History Matters

Published 9:30 am Sunday, September 3, 2023

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A feature courtesy of

The Grateful American Book Prize

Showing our children that their past is prelude to their future.

 By John Grimaldi and David Bruce Smith

September 1 to September 15

Submarines were crucial to the success of America’s defense strategy during the two World Wars [1914-1918; 1939-1945,] but their maiden missions actually happened at the time of the American Revolution.

According to History.com, “[They] were first built by Dutch inventor Cornelius van Drebel in the early 17th century, but it was not until 150 years later that they were first used in naval combat. David Bushnell, an American inventor, began building underwater mines while a student at Yale University. Deciding that a submarine would be the best means of delivering his mines in warfare, he built an eight-foot-long wooden submersible that was christened the Turtle for its shape. Large enough to accommodate one operator…[it] was entirely hand powered. Lead ballast kept the craft balanced.”

The Grateful American Book Prize recommends The American Turtle Submarine, The Best-Kept Secret of the American Revolution by Arthur Lefkowitz.




In June 1776, Founding Father Richard Henry Lee of Virginia proposed a congressional resolution: “That in all continental commissions, and other instruments, where, heretofore, the words ‘United Colonies’ have been used, the stile be altered for the future to the United States.”

History.com reports that “By September, the Declaration of Independence had been drafted, signed, printed, and sent to Great Britain. What Congress had declared to be true on paper in July was clearly the case in practice, as Patriot blood was spilled against the British on the battlefields of Boston, Montreal, Quebec and New York. Congress had created a country from a cluster of colonies and the nation’s new name reflected that reality.”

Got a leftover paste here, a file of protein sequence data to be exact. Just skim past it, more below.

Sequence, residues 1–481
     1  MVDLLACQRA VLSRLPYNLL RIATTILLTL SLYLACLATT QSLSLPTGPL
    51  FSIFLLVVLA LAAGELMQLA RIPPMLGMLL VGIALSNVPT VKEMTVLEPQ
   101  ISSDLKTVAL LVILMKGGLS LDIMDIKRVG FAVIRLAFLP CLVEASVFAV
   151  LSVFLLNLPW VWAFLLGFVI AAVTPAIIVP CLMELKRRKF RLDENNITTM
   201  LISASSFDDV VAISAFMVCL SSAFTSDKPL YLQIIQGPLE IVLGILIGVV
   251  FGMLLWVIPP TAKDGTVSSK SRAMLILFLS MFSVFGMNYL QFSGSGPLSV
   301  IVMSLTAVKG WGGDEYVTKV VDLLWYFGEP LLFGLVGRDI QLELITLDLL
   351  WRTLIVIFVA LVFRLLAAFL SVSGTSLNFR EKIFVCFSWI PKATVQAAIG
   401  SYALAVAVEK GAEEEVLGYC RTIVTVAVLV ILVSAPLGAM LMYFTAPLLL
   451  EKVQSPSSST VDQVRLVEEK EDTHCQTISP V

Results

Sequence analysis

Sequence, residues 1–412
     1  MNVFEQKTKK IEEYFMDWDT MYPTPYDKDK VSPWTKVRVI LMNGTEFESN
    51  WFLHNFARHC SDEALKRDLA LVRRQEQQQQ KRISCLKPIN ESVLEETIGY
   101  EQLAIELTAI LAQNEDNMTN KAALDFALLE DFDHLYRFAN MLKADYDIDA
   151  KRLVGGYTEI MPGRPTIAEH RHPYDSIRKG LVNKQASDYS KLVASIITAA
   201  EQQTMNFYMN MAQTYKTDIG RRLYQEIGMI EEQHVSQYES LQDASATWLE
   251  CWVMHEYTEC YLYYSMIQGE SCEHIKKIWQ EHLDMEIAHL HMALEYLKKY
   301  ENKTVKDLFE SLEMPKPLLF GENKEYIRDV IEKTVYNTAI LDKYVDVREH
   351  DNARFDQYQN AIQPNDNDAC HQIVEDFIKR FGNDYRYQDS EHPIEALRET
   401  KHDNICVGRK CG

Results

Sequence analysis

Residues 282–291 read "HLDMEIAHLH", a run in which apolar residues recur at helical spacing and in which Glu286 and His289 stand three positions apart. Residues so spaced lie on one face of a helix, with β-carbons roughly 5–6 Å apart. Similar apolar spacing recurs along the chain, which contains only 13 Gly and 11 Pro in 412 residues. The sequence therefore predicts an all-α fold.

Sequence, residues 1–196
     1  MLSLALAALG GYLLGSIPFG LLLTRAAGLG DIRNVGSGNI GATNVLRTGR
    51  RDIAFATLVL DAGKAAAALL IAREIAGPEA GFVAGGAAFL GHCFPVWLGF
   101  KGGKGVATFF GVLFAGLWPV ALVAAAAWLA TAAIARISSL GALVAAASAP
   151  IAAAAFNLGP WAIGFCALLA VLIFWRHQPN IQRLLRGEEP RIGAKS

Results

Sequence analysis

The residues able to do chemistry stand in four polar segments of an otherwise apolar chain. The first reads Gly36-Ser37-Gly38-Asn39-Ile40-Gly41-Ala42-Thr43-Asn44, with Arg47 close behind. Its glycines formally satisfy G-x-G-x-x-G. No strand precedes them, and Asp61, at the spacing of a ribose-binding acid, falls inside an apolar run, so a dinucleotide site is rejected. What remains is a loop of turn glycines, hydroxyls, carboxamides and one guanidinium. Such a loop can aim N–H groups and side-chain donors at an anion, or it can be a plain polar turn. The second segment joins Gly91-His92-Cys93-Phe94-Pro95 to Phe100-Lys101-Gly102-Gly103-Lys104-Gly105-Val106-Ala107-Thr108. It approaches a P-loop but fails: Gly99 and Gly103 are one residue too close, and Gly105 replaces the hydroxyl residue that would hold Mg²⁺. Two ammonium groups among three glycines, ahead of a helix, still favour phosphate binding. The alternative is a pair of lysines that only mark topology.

The Grateful American Book Prize endorses The Epic Story of 1776: 25 People, 13 Colonies and 1 War by Jenny L. Cote and Libby Carty McNamee.


As country-wide know-how ascended in the 19th century, postal service fell behind; to bolster it; the Overland Mail Company was rolled out on September 15, 1858, with an investment of $1 million– [$37,279,390 in 2023’s currency].

History.com says that funds were required to make a “winding 2,800-mile route and [to build] way stations at 10–15-mile intervals. Teams of thundering horses soon raced across the wide-open spaces of the West, pulling custom-built Concord coaches with seats for nine passengers and a rear boot for the mail.”

Known also as the Butterfield Overland Mail Company it “operated from 1858 to 1861 under contract with the U.S. Postal Department, providing transportation of U.S. mail between St. Louis, Mo. and San Francisco, Calif. The route proposed by the Butterfield Mail Co. became known as the ‘Oxbow Route’ because of its shape on a map, starting in St. Louis and then dipping southwesterly through Missouri, western Arkansas, and the Indian Territory, turning west across Texas and southern New Mexico and Arizona, and then curving north again in California to finish at San Francisco,” according to the company’s website.

The Grateful American Book Prize recommends The Butterfield Overland Mail: Only Through Passenger on the First Westbound Stage by Waterman L. Ormsby.